See? Beautiful windows! And it only took five years.

I’ve written before about the merits of repairing old windows rather than replacing them, and you should check that post for some really good window-repair resources.

Stay tuned for part five!

See also:
Five years ago, part one.
Five years ago, part two.
Five years ago, part three.

Part three of my house’s birthday retrospective is dedicated to the little spaces that are so often forgotten: The closets, hallways, pantries, entryways, and other areas that we take for granted by rely on constantly. In my mind, these tiny “rooms” are easy to renovate—because they’re so small, right? Well, as anyone who’s ever groomed an emotionally sensitive bichon/Chihuahua mix can tell you, smaller isn’t always easier. You get sweaty and gross faster, everything is a mess, you’re on top of each other, the ladder won’t fit right, the drill is too big…ugh.

More porch ceiling photos here

More kitchen pantry photos here

More dressing room photos here

More upstairs hallway photos here

More hall closet photos here

More office closet photos here

More downstairs hallway photos here


More vestibule photos here

I regret that I don’t have a real before photo of the vestibule. It was awful. Picture brown fake-wood paneling and lots of peeling green paint. And graffiti.

It’s funny, as satisfying as I know it will eventually be to look at progress photos, sometimes I feel like I can’t bring myself to take pictures of things in my house when they look truly, truly awful. Before we embark on any projects, Evan always asks me if I want to take a before shot, and so often I decline. He checks to see if I want to stop and take photos as we progress, too, but if I’m feeling frustrated or tired or dirty or crabby (which is a lot of the time, frankly—home renovation will do that to you), I just don’t want to. I always regret it later, of course, so lately I’ve been trying to get better about documenting what we do as we do it.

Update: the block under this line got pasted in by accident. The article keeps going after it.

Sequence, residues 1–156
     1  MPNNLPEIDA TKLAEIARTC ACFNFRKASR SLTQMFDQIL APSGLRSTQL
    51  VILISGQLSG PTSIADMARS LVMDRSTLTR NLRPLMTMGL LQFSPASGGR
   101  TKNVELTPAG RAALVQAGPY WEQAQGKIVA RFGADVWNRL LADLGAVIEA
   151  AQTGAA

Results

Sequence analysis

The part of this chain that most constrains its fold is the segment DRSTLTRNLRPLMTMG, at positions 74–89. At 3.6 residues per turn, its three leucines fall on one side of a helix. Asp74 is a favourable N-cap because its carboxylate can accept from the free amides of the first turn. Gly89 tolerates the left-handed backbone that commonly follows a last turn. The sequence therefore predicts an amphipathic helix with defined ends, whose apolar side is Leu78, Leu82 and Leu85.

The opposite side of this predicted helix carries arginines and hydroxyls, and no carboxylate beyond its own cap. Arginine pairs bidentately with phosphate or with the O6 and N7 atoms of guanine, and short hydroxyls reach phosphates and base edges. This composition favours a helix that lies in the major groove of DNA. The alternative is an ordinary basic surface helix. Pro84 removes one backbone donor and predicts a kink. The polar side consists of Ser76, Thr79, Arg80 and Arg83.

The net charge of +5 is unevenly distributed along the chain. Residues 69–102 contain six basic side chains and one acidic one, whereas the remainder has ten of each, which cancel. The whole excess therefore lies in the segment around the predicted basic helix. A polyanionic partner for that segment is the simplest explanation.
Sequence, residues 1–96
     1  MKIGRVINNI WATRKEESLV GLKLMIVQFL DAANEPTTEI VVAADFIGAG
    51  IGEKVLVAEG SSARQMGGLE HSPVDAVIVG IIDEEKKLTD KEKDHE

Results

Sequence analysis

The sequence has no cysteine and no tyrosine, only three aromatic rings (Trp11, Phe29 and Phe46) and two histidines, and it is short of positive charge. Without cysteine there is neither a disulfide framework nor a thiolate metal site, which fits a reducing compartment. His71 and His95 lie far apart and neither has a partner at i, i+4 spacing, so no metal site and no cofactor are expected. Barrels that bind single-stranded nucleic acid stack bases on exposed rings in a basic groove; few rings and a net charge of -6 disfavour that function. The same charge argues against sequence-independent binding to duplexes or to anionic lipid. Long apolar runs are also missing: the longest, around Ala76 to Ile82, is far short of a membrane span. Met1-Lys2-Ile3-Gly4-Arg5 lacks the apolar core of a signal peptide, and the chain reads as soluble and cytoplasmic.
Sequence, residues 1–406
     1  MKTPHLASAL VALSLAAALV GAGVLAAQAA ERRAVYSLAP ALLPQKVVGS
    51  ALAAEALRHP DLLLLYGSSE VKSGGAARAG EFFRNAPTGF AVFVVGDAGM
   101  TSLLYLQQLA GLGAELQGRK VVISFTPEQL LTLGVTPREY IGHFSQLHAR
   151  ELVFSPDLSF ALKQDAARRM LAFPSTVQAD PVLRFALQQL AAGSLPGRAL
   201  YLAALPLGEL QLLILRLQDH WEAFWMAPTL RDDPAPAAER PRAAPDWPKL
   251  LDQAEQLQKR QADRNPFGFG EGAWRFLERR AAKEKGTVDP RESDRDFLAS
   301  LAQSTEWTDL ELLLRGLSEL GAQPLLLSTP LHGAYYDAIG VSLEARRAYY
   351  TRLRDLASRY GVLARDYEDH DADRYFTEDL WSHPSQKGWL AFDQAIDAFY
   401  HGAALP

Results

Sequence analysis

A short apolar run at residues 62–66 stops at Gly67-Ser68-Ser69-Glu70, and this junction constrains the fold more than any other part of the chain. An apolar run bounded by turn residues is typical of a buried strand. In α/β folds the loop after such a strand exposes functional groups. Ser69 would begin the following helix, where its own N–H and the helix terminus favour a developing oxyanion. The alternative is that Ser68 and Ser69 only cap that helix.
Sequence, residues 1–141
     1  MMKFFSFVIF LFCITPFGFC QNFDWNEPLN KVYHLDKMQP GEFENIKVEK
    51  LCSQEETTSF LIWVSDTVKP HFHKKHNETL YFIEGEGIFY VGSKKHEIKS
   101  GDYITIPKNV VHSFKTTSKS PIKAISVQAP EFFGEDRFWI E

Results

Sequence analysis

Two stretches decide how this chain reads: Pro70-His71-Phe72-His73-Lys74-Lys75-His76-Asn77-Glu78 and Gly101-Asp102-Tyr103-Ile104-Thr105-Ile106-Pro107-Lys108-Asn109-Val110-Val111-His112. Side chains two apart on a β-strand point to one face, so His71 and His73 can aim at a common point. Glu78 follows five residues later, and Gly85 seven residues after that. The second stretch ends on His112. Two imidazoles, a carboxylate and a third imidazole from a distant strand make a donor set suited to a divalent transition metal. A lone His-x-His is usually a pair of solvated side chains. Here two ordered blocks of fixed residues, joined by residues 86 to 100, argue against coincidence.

Stay tuned for part four!

See also: Five years ago, part one. / Five years ago, part two.

Part two of my little birthday celebration for our house is devoted entirely to the bathrooms. Seldom has any home renovation project taken quite as long as these two did. We spent months and months and months working the bathrooms. Months of sleepless nights, gritty floors, cracked fingers, and tears of frustration.

We have two bathrooms, thankfully (I always wonder how people renovate a bathroom when they only have one…). The upstairs bathroom is original to the house, and the downstairs bath was most likely added sometime in the 1940s, taking the place of what was originally a butler’s pantry.

As with the rest of our house, we’ve kept all of the original walls, windows and doorways intact, and have only replaced materials when the existing ones proved unsalvageable or unsafe.

So! Upstairs bathroom first…




As you can see, we decided not to continue with the Disney/Winnie the Pooh theme that the previous occupants had going on.

And just as a reminder that these things don’t happen overnight, let’s take a look at a couple of photos taken during the renovation process: